With the war bells tolling over the long weekend, with a strike imminent in Syria may be within days, I took a mental vacation and spent sometime pondering my entries from days of other wars, in other lands I had the misfortune to witness.
Watching Syria being torn apart, tied to the hooves of wild horses running in opposite directions, brought back ghosts of the past. Yugoslavia, Afghanistan and Iraq, all conflicts without closure: some still ongoing yet all scattered with carcasses of States, and people, tired, impoverished, injured, dead.
The toll from mainly the secterian fighting in Iraq counts at least 657 with over a thousand injured, for the month of August only. For my friends, young Iraqis, who are trying to do their best to keep their communities and their lives afloat in Baghdad, Mousul, and Kirkuk alike, the effort turns into a life and death struggle amidst rampant bombings and kidnappings.
In Afganistan, the land outside the main cities like Kabul and Kandahar is long totalled with US and allied bombs bringing “democracy” and a powerless President. A recent Washington Post article tells the much familiar tale of ghost villages bombed out and left in rubble.
In Kosovo, a government still has not been formed, and in segregated cities like Mitrovica troubles continue to keep the outlook bleak.
All stepping stones of my life from 1997 onwards. All wars waged in “higher ideals” of the West in democracy. All massive failures.
No, democracy is not to blame. We all know it is the hypocrisy that is responsible for the deaths of civilians, for the rise of the jihadists, of secterianism, racism, and for all the death and destruction that ensued there and elsewhere, as in the embassy bombings in Kenya, the war in Darfur and the ongoing fighting in Eastern Congo.
Take the U.S., openly arming an insurgency in a sovereign state, talking about “toppling a dictator”; as if should a dictator be toppled as opposed to a “leader”, merely based on semantics and automaticaly, they will become the hero.
Hushed voices of the many Iraqis from bygone years come back to me in the warm August breeze. Sweeping among the palm trees, reminiscing the days under Saddam, as they did during that Baghdad sunset when we would hear distant car bombs, huddled inside an old schoolbuilding, in our flak jackets and helmets, waiting for the all clear call. No, they do not miss his rule, but rather their old quality of life: the little creature comforts such as safety and security.
Yes, Halabja, yes, Saddam, he was mad and cruel, no arguments there. But post-Saddam has been apocalyptic, to say the least, and mostly because of the way he was ousted. The unfounded rumors of WMDs, a war leaving not only their targets but the warriors themselves permanently damaged, one physically, the second sipiritually. Man turning into beast. Humanity’s low moments, the horrors of Abu Gharib, Guantanamo, and the naturally triggered secterian infighting. Iraqis killing Iraqis, because now maybe worse than ever it is a feud and now may be worse than ever the region is overloaded with guns and ammunition, a good bye and good luck package left over from the “big brother(s).”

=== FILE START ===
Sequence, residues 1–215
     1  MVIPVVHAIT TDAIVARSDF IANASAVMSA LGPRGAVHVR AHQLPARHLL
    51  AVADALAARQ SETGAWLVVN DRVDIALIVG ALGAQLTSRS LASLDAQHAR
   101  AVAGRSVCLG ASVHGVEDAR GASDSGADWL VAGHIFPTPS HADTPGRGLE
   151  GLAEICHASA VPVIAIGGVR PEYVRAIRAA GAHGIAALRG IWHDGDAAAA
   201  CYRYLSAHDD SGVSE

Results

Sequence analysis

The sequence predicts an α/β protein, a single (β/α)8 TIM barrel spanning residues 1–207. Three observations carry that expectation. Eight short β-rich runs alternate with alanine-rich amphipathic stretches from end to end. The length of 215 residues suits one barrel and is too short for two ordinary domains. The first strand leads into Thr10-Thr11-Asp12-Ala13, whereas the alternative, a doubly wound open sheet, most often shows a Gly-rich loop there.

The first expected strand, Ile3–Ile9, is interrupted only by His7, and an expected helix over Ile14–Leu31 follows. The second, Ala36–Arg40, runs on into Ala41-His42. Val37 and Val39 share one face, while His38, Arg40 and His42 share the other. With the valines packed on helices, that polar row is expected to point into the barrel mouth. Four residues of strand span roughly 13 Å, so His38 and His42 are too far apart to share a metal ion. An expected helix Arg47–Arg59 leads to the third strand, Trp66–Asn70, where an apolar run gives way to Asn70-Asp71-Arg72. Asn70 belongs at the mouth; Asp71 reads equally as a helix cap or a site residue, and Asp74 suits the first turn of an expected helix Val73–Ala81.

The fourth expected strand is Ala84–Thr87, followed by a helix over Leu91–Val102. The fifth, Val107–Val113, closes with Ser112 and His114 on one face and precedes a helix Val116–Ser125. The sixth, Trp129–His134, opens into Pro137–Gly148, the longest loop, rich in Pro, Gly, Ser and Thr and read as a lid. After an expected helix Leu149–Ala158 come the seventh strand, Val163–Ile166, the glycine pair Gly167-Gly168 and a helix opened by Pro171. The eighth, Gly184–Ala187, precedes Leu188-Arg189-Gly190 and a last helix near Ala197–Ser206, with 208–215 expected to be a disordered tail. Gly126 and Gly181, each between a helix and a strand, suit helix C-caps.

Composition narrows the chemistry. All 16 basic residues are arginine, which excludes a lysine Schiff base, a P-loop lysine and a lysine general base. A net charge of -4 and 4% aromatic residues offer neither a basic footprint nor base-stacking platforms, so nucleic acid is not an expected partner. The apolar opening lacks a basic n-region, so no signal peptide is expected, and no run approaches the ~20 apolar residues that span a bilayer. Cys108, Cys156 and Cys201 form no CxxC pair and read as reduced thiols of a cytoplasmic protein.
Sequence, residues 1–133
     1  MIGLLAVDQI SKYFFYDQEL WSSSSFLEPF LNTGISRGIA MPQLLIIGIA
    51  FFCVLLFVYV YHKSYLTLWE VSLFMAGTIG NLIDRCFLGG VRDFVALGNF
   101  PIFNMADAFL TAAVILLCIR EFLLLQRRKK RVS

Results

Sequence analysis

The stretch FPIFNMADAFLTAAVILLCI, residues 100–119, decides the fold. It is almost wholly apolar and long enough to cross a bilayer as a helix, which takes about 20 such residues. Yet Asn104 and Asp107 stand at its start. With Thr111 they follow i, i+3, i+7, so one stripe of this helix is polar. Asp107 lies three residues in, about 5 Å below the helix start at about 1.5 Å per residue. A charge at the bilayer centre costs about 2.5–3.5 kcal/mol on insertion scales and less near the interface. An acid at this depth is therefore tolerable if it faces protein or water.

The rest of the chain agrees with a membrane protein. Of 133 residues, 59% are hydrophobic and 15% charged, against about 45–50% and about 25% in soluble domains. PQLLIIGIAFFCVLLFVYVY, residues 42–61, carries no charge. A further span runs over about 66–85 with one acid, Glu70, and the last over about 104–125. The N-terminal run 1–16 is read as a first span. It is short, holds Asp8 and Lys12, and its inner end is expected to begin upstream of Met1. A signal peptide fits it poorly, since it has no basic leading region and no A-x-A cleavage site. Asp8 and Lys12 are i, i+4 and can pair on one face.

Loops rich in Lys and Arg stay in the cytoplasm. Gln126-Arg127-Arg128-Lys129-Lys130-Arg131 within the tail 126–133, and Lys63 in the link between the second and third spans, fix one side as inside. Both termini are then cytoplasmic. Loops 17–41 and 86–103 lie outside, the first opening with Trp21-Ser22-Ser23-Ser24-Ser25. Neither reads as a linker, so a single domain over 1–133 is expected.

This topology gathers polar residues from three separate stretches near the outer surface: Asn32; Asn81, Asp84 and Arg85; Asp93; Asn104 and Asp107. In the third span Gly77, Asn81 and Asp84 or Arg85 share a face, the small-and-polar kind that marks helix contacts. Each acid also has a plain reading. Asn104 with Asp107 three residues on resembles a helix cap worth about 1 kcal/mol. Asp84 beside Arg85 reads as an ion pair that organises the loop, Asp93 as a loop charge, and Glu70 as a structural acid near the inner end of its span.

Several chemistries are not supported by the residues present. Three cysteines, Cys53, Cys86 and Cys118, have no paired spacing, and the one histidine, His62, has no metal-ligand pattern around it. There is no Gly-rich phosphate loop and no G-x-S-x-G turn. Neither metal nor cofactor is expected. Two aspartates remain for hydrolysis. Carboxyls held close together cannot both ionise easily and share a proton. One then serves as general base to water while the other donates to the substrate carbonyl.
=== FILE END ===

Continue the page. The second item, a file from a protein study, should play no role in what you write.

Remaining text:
Russia suggesting common sense and caution in intervening in Syria is no better, while itself is losing all sense in dealing with Dagestan. Meanwhile Iran, with a new term under Rouhani’s presidency, continuing to give a boost to the Assad regime through military aid and training. Both Russia and Iran are friends of Syria under Assad, as the country is at a strategic juncture for both their geopolitical interests and is a longterm ally. So, ready to turn a blind eye on the atrocities inside Syria, shrouding them under the cloak of “state sovereignty”, focusing on the atrocities of the opposition, but such is politics. So war is no solution. But what is?
Thinking outside the box always may help. Should the West fail to engage mindful and delicate diplomacy in Syria, Syria can still do so within. Whether he realizes or not, Assad holds a wild card in his hand, the Syrian Kurds. Not recognized before the civil war, ill fit among the rebel opposition, PYD through Saleh Muslim has mentioned several times that they are not in favor of a divided Syria, but rather one where they are recognized, and hold rights. Yes they may favor an Assadless future, but considering their dislike of the Salafis, should Assad reach out with an olive branch from Damascus to Rojava, and give inner diplomacy a chance, the tide may turn.
Afterall noone will do for Syria what Syria can do for itself: stop looking for an easy fix from a dysfunctional UN, from alterior motives of allies and foes, from chemical weapons and killing, but from within. At the dissapointment of all outside forces meddling in Syria, the Syrians can do the ultimate maneuver and unite. Starting with the Alawites, the Christians and the Kurds, it can still be done. Whether or not they are willing, is another story.
But humans, by nature, like the afore mentioned creature comforts: safety, security and above all peace. The more so, if they are on the brink of losing them for life.